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Marks & Spencer, by Merkin


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Bruin's latest flash just keeps on generating more.

Marks & Spencer

by James Merkin

I'd flown to London with very little advance notice, and I was in Marks & Spencer trying to remedy my luggage shortfall. Browsing for socks and underwear, I came face-to-face with a beautiful boy, aglow with that freshness of youth sometimes seen in the first full flush of adolescence. He was accompanied by three energetic women in full sail, who were discussing the relative hygienic merits of y-fronts versus boxers. The boy, clearly embarrassed, had just yielded to their forceful argument as they settled on three packets of classic whitey-tighties on his behalf. He looked up as I walked by, and when he saw that I had overheard them he rolled his eyes. I gave him a wink and a little smile, unseen by the minders. He blushed and looked away as they convoyed on. I made my selections and continued browsing, looking next for a belt.

A little later I saw them in the store cafe as they plied him with salmon-cucumber sandwiches while he argued for a sticky-toffee tart. Our eyes met again briefly, and this time he smiled first as I rolled my eyes.

I sat, sipped my tea, and watched them -- three self-sufficient ladies, each quite proper in that unmistakable English manner that combines costume and composure to signal condition and class. One was obviously the boy's mother; one younger, with nearly identical features, was likely an older sister; a third, somewhat elderly, perhaps a maiden aunt. This time I was too far away to hear their conversation but clearly they were intent on sorting the boy, and his shrugs and grimaces were clues to his response. As they were finishing their refreshment the boy rose and headed for the Mens. I gave it a few minutes, then followed him.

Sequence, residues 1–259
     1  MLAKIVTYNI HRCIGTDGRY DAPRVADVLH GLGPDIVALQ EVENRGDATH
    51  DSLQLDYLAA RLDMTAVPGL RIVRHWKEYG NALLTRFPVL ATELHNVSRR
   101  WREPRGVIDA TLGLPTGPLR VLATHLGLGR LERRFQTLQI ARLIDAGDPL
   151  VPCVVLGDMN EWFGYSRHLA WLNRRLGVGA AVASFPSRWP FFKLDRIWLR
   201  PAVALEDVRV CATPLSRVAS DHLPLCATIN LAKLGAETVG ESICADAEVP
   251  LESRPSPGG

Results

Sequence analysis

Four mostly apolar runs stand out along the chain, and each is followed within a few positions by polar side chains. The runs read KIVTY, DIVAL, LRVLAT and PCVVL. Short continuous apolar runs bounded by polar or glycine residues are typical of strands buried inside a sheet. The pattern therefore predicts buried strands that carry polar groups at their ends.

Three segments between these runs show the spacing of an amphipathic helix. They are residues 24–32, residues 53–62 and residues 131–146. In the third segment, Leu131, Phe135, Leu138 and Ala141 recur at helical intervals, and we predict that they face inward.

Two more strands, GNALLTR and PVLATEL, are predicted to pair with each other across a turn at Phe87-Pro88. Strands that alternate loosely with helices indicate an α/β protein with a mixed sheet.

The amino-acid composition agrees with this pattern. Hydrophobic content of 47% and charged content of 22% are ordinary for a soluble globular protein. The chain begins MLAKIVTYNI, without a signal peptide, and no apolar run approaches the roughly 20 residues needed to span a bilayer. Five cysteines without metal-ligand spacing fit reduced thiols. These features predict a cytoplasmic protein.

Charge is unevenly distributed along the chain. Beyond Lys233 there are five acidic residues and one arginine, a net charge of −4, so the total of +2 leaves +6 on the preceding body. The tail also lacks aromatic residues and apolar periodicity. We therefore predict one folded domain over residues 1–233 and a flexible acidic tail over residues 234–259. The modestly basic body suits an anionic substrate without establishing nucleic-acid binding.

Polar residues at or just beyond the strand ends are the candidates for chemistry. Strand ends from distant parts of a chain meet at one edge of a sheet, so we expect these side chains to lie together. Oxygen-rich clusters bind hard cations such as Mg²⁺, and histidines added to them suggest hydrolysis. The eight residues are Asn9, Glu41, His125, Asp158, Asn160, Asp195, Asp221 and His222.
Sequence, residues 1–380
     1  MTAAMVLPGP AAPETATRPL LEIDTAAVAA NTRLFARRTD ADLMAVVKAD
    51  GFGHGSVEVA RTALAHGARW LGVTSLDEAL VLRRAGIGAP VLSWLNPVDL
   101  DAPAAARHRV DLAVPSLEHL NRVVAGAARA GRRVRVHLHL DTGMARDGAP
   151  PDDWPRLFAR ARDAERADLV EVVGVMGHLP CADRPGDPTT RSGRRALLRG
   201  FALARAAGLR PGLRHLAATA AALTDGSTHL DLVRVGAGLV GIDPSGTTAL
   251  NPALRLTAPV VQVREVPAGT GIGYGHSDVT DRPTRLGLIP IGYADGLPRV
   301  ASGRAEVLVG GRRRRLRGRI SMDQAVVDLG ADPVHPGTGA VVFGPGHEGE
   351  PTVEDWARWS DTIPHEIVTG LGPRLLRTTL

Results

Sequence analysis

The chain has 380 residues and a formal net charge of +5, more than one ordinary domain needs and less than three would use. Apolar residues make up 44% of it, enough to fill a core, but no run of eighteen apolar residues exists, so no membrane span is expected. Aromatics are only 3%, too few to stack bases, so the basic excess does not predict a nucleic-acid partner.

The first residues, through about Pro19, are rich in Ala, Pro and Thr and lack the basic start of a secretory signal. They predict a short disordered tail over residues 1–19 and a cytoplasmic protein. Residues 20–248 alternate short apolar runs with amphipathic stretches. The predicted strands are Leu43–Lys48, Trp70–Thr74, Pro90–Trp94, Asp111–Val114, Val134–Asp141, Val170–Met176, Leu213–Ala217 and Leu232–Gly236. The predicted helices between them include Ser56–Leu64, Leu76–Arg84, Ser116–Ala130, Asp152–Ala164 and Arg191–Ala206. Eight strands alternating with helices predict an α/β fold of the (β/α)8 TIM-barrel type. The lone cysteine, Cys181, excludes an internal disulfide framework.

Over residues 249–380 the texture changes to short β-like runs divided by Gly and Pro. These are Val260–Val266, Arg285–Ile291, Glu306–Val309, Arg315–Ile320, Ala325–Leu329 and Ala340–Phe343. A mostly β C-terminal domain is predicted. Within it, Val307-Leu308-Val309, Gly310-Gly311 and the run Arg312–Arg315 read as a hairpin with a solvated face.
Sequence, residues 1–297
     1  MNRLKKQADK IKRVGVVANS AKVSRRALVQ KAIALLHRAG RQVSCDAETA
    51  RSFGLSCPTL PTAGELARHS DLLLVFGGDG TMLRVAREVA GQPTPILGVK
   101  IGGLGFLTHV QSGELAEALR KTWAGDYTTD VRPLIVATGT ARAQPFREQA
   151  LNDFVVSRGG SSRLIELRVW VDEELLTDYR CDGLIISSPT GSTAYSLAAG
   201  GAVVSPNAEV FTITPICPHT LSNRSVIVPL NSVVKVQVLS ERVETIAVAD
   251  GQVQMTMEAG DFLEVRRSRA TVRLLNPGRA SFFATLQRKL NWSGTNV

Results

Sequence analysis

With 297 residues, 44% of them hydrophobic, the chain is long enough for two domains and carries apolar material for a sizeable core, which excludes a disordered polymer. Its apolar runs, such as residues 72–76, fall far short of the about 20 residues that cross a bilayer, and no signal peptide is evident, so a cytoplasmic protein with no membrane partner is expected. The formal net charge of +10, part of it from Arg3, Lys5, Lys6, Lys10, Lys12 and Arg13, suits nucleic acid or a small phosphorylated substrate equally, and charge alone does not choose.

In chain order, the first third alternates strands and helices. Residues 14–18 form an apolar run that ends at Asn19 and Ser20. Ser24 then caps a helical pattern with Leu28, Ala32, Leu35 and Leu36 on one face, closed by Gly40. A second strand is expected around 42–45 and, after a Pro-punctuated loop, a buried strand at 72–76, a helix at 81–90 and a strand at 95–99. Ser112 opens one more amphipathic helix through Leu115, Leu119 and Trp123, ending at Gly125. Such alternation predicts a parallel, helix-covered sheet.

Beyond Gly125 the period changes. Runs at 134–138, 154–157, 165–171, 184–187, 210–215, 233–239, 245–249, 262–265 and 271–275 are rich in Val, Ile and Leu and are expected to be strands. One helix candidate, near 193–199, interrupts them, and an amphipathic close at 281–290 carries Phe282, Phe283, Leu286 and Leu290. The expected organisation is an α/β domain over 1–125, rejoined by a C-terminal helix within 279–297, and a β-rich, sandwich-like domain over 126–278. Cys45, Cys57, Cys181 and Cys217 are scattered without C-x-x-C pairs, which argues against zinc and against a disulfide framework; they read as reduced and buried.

He was drying his hands as I entered, and he looked up and recognized me. We were alone in the room. "I just wanted to tell you," I said, "that if you were a few years older and I fifty years younger, I'd ask you out in a heartbeat."

He blushed, looked a little frightened, but then said, "I saw you watching me." His voice was a high clear soprano, and charming.

"Here," I said, "can you stash these somewhere unseen? They're for you." I handed him a small green bag, one of my purchases.

He took the bag and looked inside, at the three-pack of the smallest, brightest bikini briefs I could find. He blushed even more deeply, then gave me a big toothy smile as he pushed them under his jacket. "Thanks," he whispered, and ran from the room. I didn't follow.

My poem does, however, attempt to follow this boy a few years later:

To My Dear Ladies

Dear mother, sister, maiden aunts,

whose Marks & Spencer underpants

define your sense of suitability;

I've grown bolder as I've grown older

and wish to state I'll no longer shoulder

your so persistent management of me.

Please restrain your machination,

I've no desire for procreation --

That's not what I'm intended for;

I've met with grace your candidates

through endless teas and sups and dates,

and find these lovely daughters are a bore.

Don't waste your time by pushing others,

what I long for are their brothers,

and only when I've found Him will I rest.

So please disband your lofty plan,

I'll be bringing home a man,

and what he's in next to his skin won't be my test.

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  • 2 months later...

Did I really not comment on this when you first posted it?

James, I love this, a brilliant story followed by a sparkly poem.

Don't waste your time by pushing others,

What I long for are their brothers!

Exquisite! I thought it was exquisite when you first posted it, can't imagine why I didn't post a comment at the time. Maybe I slipped through a hole in the space/time continuum?

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You're not the only one Bruin, I missed it too. :hehe:

What a delightful age and youth moment, followed by an equally delightful poem. I really like that mix because it shows how much the incident affected the man.

The story is especially significant to me as I was raised by my mother, her sister and their mother, (my grandmother.) They could have been Chekhov's Three Sisters; and yes they did select my underwear for me until I reached 16, when I bought myself some red Jockey hipsters.

It could have been me in the story. :omg: I remember being winked at by older men when I was a toddler on the bus or in a restaurant.

To this day a wink is as good as a nod for me. :icon11:

Thanks James, for a wonderful story and bringing back some treasured memories, well done.

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Thanks to all of you.

Indeed you did comment, Bruin, but in another venue. However I am just as grateful for your words now as then.

That was you, Des. You were very charming. Are you still wearing them?

Thank you for your recent comments, SmallTownBoy. Don't take the banter here too seriously.

James Merkin

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